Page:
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Adrenal Fatigue: There is No Scientific Evidence That Adrenal Fatigue Is Real

Adrenal Fatigue: There is No Scientific Evidence That Adrenal Fatigue Is Real

#swolefit | May 17, 2018 | 0 comments
  • Post author
    Alix Best

You may have heard lately, whether from your fellow neighbor, crossfitter, or an overworked friend that they have self-proclaimed “adrenal fatigue”. Now when somebody confides in you about their recent ‘health issues’ or ‘health state’, I assume unless you’re a practitioner, the first thing out of your mouth isn’t going to be “Oh really Jennifer? You're full of sh*t." Yeah, guessing you’re not going to say that. So we’re here today to blow the whistle on ‘adrenal fatigue’ and to get down to the bottom of what it really is, or isn’t.

In this article:

  • Defining adrenal fatigue
  • The adrenal fatigue theory
  • Adrenal hormone depletion and adrenal fatigue symptoms
  • Resolving adrenal fatigue and taking action

What is Adrenal Fatigue?

Adrenal Fatigue is not a real medically recognized term but that doesn't mean that negative health symptoms that people experience aren't real or worthy of recognition. According to Harvard Medical School, the term Adrenal Fatigue is nothing more than “an attractive theory that links stress exposure to adrenal exhaustion as a possible cause of lack of energy”. Thus, we believe that coining your symptoms as Adrenal Fatigue is nothing more than a buzzword thrown around by level 1 certified health coaches and internet health nuts. 

“There is no scientific proof that exists to support adrenal fatigue as a true medical condition” – Endocrinology Society

Adrenal Fatigue Theory

If Adrenal Fatigue is nothing more than a theory, then what even is it? Is adrenal fatigue a myth? People who believe that adrenal fatigue is a thing, or that they have adrenal fatigue, are often individuals who are experiencing issues in life such as stress, hormone imbalances, and other underlying medical conditions. Whether it be environmental stress, family stress, work stress, stress from overworking your body physically, there are many reasons why people may exhibit symptoms lumped into the 'adrenal fatigue' category.

The term ‘adrenal’ comes into play when people have an introductory understanding of how the body physiologically addresses stress – in our adrenal glands. These little glands reside right above the kidneys within the body and they’re the powerhouse that handles hormone production in response to stress and prolonged stress, such as cortisol. This is where the connection between adrenal fatigue and burnt out adrenals come into play. When the adrenals and specifically cortisol are exhausted, symptoms are exhibited.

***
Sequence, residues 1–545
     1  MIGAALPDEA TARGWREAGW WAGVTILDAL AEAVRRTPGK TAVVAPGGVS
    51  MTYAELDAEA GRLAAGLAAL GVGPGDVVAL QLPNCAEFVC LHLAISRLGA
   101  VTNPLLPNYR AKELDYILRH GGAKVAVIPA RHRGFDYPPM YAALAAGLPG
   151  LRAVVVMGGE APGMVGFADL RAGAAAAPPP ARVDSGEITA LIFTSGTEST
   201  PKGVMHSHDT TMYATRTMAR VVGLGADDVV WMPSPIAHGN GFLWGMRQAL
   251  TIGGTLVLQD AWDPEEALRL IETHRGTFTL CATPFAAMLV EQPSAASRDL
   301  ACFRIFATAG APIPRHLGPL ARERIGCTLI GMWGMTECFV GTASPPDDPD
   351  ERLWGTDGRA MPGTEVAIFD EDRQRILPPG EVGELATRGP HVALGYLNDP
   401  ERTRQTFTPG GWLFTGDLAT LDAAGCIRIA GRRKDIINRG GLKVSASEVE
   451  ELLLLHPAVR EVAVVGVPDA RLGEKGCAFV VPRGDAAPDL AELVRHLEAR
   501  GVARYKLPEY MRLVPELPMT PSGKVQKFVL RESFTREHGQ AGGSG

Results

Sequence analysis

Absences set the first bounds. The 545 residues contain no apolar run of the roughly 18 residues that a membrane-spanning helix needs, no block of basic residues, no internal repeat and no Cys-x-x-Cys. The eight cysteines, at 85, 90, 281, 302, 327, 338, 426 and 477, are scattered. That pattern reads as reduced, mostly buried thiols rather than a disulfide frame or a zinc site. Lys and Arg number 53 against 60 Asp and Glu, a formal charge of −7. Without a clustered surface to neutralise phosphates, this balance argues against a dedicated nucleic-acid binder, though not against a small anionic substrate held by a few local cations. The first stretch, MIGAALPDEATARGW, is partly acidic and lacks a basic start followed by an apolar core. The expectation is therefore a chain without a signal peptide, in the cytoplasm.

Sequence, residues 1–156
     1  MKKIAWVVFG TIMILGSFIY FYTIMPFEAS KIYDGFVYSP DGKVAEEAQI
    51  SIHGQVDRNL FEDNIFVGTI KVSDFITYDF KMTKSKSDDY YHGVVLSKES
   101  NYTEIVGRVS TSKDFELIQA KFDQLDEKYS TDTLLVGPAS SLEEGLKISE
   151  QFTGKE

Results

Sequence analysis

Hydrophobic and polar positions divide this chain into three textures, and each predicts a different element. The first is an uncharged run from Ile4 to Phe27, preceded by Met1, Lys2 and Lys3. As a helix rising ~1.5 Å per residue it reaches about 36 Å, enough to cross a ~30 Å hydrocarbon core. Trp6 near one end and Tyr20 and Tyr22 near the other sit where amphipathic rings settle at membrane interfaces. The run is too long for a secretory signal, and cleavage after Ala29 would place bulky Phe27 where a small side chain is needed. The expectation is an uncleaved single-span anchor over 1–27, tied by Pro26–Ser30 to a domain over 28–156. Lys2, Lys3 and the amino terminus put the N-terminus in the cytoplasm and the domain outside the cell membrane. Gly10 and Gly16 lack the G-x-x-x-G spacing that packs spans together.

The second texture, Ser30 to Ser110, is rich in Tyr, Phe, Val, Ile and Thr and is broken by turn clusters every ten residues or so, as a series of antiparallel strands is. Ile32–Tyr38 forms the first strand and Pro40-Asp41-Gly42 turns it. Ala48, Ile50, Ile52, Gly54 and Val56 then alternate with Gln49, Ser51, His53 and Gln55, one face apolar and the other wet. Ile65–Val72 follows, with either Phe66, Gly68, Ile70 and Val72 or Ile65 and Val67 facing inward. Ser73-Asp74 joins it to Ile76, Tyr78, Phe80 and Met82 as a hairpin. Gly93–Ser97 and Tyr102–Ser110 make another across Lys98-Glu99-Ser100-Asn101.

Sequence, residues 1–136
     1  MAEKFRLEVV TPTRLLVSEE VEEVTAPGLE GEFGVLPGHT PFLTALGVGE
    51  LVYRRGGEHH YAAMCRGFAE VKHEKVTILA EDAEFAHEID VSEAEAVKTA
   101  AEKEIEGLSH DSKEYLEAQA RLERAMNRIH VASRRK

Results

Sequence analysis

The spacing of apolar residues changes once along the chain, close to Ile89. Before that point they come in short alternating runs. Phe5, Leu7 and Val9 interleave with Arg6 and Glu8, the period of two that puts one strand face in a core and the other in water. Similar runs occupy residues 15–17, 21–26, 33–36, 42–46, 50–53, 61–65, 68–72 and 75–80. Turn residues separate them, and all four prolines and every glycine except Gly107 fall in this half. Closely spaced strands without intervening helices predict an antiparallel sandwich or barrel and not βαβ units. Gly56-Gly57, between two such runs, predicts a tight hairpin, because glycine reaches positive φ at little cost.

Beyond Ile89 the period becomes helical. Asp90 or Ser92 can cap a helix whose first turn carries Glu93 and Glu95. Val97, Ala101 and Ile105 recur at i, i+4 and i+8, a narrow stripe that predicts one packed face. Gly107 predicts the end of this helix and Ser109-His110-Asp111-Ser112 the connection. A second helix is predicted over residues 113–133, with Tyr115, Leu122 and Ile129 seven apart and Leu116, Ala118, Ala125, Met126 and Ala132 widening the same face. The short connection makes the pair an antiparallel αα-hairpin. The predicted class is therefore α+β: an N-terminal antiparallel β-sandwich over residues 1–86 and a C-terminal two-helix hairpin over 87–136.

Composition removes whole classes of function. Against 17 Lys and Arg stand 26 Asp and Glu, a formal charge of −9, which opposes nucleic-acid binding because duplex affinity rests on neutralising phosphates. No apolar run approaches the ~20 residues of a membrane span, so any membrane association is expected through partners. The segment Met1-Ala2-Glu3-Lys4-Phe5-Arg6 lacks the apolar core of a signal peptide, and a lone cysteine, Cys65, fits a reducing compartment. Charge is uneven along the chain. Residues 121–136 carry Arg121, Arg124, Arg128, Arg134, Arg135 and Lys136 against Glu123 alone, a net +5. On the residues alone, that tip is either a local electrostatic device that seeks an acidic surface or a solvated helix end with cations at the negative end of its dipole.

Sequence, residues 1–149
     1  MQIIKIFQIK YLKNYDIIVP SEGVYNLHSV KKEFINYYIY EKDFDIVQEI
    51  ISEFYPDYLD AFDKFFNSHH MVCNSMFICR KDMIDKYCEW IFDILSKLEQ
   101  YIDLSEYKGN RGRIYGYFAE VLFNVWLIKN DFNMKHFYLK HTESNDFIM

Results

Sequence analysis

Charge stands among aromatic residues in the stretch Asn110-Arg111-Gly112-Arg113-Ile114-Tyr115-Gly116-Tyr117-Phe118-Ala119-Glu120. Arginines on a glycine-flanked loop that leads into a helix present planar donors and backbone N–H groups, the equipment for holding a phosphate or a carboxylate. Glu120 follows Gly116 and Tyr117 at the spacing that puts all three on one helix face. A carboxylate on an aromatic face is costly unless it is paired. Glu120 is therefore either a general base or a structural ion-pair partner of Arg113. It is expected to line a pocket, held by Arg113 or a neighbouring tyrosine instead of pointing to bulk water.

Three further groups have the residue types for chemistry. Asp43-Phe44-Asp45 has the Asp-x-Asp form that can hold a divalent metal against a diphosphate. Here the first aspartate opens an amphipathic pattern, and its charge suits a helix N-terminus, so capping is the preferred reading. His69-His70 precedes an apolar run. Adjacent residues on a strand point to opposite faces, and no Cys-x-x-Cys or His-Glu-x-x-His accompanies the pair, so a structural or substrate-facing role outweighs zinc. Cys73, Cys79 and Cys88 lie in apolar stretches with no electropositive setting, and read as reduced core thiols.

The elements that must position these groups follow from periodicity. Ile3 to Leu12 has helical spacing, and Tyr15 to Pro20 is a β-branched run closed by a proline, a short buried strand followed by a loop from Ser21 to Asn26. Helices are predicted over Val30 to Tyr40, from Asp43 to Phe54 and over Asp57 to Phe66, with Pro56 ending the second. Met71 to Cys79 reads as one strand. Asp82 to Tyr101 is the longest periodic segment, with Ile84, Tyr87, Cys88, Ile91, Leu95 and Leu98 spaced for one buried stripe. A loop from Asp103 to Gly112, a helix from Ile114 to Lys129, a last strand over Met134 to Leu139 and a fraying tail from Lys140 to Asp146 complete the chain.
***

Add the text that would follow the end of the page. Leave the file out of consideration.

When an individual doesn’t deal with the root issues of stressors in their life, the body’s ability to keep up with the hormone production needed to respond to stress gradually declines to result in a poor ability to produce said ‘stress hormones’. Makes sense where the term, ‘Adrenal Fatigue’, comes from, right? While it may make sense from a preliminary understanding, often times claiming to have adrenal fatigue can prevent an individual from dealing with the real issue - a lack of adrenal hormone(s) production, like cortisol.

RELATED: Controlling Cortisol Levels to Effectively Reduce Your Stress

Symptoms of Adrenal Fatigue

While adrenal fatigue may not be a medically recognized term, it doesn't mean that the symptoms being exhibited aren't real. In fact, they're very real, and they're very sucky.  

“Our role is to be good active listeners to determine if there is a true medical disorder lurking among the complaints. It is very important to take the person seriously, not to brush them off and say there is no [such thing as] adrenal fatigue. These people are suffering from something, so we need to take the suffering seriously.” – Lynnette Nieman, MD, president, Endocrine Society; senior investigator, National Institute of Diabetes and Digestive and Kidney Diseases, Bethesda, Md.

Symptoms of Adrenal Fatigue May Include:

  • Despair
  • Melancholy
  • Gloom
  • Depression
  • Anxiety
  • Insomnia
  • Irritability
  • Sadness
  • Poor Energy Production & Output

When an individual experiences stress in their life, long-term stress on the mind and body can inhibit the body’s natural response mechanism against stress. Stress can deplete the body’s supplies, as said earlier, from the adrenal glands in the way of adrenaline (epinephrine) and noradrenaline (norepinephrine), of which are related to “anemia, sleep apnea, autoimmune diseases, infections, other hormonal impairments, mental illnesses, heart and lung problems, and kidney and liver diseases are just some among many medical conditions that could cause similar symptoms”, according to Harvard Medical.

Where Does the Term Adrenal Fatigue Come From?

Blame it on the internet. James L. Wilson, DC, DN, Ph.D., proclaimed on his website in 1998 that the term adrenal fatigue aims "to identify below optimal adrenal functioning resulting from stress and distinguish it from Addison's disease". Just because a naturopath on the internet coined the term that many others use nowadays, that doesn't mean it stands in conventional medical practice. Why isn't adrenal fatigue medically recognized? There is "no substantiation that 'adrenal fatigue' is an actual medical condition. Therefore, adrenal fatigue is still a myth." according to a study published in the BMC Endocrine Disorders literature review. Furthermore, adrenal insufficiency is a relatable and real medical term that may be correlated with the symptoms patients exhibit from 'adrenal fatigue'.

Is Adrenal Insufficiency Real?

We've established that adrenal fatigue is a myth, but what about adrenal insufficiency? Adrenal Insufficiency is considered to be a real medical condition that occurs when adrenal glands don't produce enough hormones. While there is some overlap between the two, adrenal fatigue symptoms are generally exhibited without any specific pain point, such as, not being able to get out of bed in the morning and feeling rundown. Similarly, adrenal insufficiency is more formally referred to as Addison's Disease, the very thing that chiropractor James Wilson was trying to correlate his made-up term for.